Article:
As the claims hereinafter reflect, inventive aspects may lie in less than all features of a single foregoing disclosed embodiment. Thus, the hereinafter expressed claims are hereby expressly incorporated into this Detailed Description of the Drawings, with each claim standing on its own as a separate embodiment of an invention. Furthermore, while some embodiments described herein include some but not other features included in other embodiments, combinations of features of different embodiments are meant to be within the scope of the invention, and form different embodiments, as would be understood by those skilled in the art.

Claims

1. A control circuit for a resonant mode power supply comprising:

the control circuit configured to switchingly control a high-side transistor and a low-side transistor coupled to an inductor at a node to regulate an output voltage delivered to a load;
a light-load circuit configured to form a light-load operating mode having one or more light-load intervals that each include a drive interval having a plurality of pulse sets to switch the high-side transistor and the low-side transistor followed by an Off-interval wherein the high-side transistor and low-side transistor are not switched;
a valley-peak circuit that receives an HB signal that is representative of a signal formed at the node, and detects peak-to-valley oscillation cycles of the HB signal;
a measurement circuit having a counter that measures a duration of one of a first drive interval or a first Off-interval of a first light load interval of the one or more light-load intervals;
a drive pattern circuit coupled to the valley-peak circuit and configured to form each pulse set to enable the high-side transistor and the low side transistor followed by a non-switching interval in which both the high-side transistor and low-side transistor are not switched for a time interval, the drive pattern circuit configured to control the time interval in response to the duration.

2. The control circuit of claim 1 wherein the valley-peak circuit detects peaks and valleys of the HB signal, and wherein the drive pattern circuit controls the time interval to be a time between one or more of peaks of the HB signal or valleys of the HB signal.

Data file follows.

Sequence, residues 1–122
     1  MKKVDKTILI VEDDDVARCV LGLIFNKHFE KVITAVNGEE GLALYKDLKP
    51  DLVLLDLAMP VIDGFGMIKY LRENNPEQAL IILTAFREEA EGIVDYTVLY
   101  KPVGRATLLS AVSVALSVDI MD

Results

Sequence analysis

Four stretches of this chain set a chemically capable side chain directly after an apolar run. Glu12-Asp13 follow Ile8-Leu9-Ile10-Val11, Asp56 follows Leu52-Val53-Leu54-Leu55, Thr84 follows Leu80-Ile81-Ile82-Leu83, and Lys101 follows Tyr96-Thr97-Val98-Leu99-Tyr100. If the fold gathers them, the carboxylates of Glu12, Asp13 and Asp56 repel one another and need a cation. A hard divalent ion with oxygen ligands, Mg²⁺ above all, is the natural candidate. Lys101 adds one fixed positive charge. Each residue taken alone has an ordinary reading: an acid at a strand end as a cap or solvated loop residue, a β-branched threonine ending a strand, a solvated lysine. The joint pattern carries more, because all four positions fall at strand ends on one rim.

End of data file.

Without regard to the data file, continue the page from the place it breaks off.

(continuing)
3. A control circuit for a resonant mode power supply comprising:

the control circuit configured to switchingly control a high-side transistor and a low-side transistor coupled to an inductor at a node to regulate an output voltage delivered to a load;
a light-load circuit configured to form a light-load operating mode having one or more light-load intervals that each include a drive interval having a plurality of pulse sets to switch the high-side transistor and the low-side transistor followed by an Off-interval wherein the high-side transistor and low-side transistor are not switched;
a valley-peak detection circuit that receives an HB signal that is representative of a signal formed at the node, and detects peak-to-valley oscillation cycles of the HB signal;
the light-load circuit configured to form each pulse set to enable the high-side transistor and the low side transistor followed by a non-switching interval in which both the high-side transistor and low-side transistor are not switched for a time interval, the light-load circuit configured to control the time interval to be substantially equal to one or more of the peak-to-valley oscillation cycles.

4. The control circuit of claim 3 wherein the valley-peak detection circuit detects peaks and valleys of the HB signal, and wherein the light-load circuit controls the time interval to be a time between one of peaks of the HB signal or valleys of the HB signal.

5. The control circuit of claim 3 wherein the non-switching interval is between two adjacent pulse sets of a drive interval.

6. The control circuit of claim 5 further including an interval measurement circuit configured to receive a signal representing detection of each peak and each valley and to responsively measure a time period of the drive interval and the Off-interval.

7. The control circuit of claim 5 further including an interval measurement circuit configured to receive a signal representing detection of each peak and each valley and to responsively count each peak and valley to determine a time period of the drive interval and the Off-interval.